It’s not often a rock band plays The Hotel Cafe. I may have just pissed off some bands that play The Hotel Cafe. However, it is rare that a true, plugged-in rock show takes place at the small venue most often recognized as the home of outstanding singer-songwriters.
But, it has happened: Perry Farrell has made a couple guest appearances at The Hotel Cafe, including one time with his side project, Satellite Party; Billy Corgan has played there previously (although it was a mellow, acoustic, solo show); Pete Townshend has stepped foot on that stage a few times; Butch Walker had people standing on tables at one time; and Cypress Hill once turned the intimate room into a hip-hop club.
Yet, for the most part The Hotel Cafe is a place where people watch quietly as songwriters sing about break-ups and alcohol. The beginning of tonight’s show was in line with that vibe, although rather than droning on about heartbreak, Corgan sang melodically about love.
Navarro and Corgan during the electric part of the show
Corgan was joined on-stage by Dave Navarro, 19-year old Mike Byrne from Portland who was chosen to play drums in the band after Corgan placed an open-call for drummers online, Mark Weitz on keyboards, Kerry Brown on percussion, Ysanne Spevak on violin, Linda Strawberry on backing vocals, Kevin Dippold on flute and mandolin, and bassist Mark Tulin.
When the mellow set of songs about love, devotion, and dreams came to an end Corgan had a surprise for the audience. Well, it wasn’t a surprise to everyone, just to those of us who didn’t see his note on SmashingPumpkins.com today: “The tour ought to end with a bang though, as tonight marks the faux Halloween show! Everyone is expected to show up in costume and there will be a costume contest held during the show.”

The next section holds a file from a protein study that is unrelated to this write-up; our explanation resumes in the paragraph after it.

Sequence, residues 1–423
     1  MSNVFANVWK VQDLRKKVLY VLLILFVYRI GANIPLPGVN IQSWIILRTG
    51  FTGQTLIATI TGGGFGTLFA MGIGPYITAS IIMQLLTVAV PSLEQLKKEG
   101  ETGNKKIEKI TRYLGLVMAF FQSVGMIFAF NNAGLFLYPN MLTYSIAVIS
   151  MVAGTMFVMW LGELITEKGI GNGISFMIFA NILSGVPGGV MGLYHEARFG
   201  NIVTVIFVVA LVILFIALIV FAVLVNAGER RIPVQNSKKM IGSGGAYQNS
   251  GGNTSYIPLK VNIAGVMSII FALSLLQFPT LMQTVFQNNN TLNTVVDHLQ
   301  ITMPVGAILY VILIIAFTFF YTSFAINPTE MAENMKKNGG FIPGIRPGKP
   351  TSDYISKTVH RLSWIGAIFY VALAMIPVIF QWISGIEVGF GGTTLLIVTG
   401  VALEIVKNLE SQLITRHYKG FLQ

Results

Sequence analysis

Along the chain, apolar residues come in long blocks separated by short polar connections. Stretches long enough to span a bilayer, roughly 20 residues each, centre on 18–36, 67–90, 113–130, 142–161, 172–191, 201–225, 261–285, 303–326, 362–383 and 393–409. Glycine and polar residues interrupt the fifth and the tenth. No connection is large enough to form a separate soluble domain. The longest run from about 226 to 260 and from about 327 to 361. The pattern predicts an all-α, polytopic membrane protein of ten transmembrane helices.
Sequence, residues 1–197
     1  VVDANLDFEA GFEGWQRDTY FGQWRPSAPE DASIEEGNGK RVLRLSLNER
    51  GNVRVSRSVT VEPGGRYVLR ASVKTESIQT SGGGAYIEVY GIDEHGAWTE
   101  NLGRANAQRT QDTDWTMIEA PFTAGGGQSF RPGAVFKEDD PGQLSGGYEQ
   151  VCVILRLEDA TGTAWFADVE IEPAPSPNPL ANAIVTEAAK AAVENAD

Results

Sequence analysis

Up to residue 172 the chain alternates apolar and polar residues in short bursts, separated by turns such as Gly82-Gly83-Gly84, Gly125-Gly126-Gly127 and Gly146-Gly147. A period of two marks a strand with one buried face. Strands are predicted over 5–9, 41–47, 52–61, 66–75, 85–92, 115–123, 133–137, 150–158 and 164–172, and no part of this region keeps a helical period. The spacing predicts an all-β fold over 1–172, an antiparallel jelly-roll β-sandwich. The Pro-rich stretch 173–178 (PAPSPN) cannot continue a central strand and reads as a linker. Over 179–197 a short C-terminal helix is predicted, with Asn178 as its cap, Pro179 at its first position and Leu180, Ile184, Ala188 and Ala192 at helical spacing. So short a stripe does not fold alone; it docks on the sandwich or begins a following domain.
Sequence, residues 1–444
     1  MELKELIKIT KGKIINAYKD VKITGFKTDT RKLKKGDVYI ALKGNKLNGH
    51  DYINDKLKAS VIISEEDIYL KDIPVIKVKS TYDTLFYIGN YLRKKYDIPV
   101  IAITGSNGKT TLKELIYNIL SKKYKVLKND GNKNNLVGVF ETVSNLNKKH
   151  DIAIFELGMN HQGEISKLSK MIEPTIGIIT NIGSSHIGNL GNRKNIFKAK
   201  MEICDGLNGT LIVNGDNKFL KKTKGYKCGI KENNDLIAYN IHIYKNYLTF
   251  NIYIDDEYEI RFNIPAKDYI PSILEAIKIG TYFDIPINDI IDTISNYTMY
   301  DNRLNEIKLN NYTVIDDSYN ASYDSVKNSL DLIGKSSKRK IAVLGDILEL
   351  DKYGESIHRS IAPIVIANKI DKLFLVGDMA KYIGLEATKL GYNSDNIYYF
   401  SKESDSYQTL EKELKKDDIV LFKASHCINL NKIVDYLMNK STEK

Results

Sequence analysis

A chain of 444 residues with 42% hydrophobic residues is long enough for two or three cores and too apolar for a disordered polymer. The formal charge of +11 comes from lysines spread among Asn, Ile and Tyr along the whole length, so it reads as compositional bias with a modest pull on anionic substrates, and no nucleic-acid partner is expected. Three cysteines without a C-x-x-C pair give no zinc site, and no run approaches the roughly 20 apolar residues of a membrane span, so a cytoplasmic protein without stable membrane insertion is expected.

Intermission: Costume Contest
Corgan said he only expected seven people to show up in costume. Instead, there were about 50 people dressed in costumes ranging from an elderly angel to a pregnant alien. While unnecessary, the costume contest was entertaining, especially with Corgan’s sarcastic banter.
Throughout the show there was “that one guy” who kept disturbing the peace by shouting out obnoxious comments. So when the guy belted out, “What’s your costume, Billy?” Corgan responded, “My costume is a guy who fuckin’ hates you. . . it’s a little subtle, but I hope you feel it. . .” That was the last we heard from “that guy.”
The costume contest wasn’t the only form of audience participation. Corgan also enlisted the crowd to sing along to one of the songs. He got everybody going, singing “oh, oh, oh” and then realized he may have asked the audience to sing too many rounds. “It seems I made a rare mistake,” Corgan admitted.
Navarro and Corgan
After the costume contest Spirits in The Sky turned on the rock show. Navarro and Corgan crushed it on electric guitars. At one point, Corgan requested the bow from Spevak’s violin – and I don’t use words like this lightly (or ever, actually) – shredded.
The band played for 2 hours. Or just under 2-hours when you factor in the costume contest. When the band exited the stage, the house music came on and the musicians all went back to the dressing room instead of staying at the side of the stage, behind the curtain. This is usually a sign that show has ended and at least half the audience left. But the loudest yellers remained and did not stop screaming or clapping until Spirits in The Sky returned for one more song.
“You asked for it. . . ” Corgan warned.
Corgan playing guitar with the bow of Spevak's violin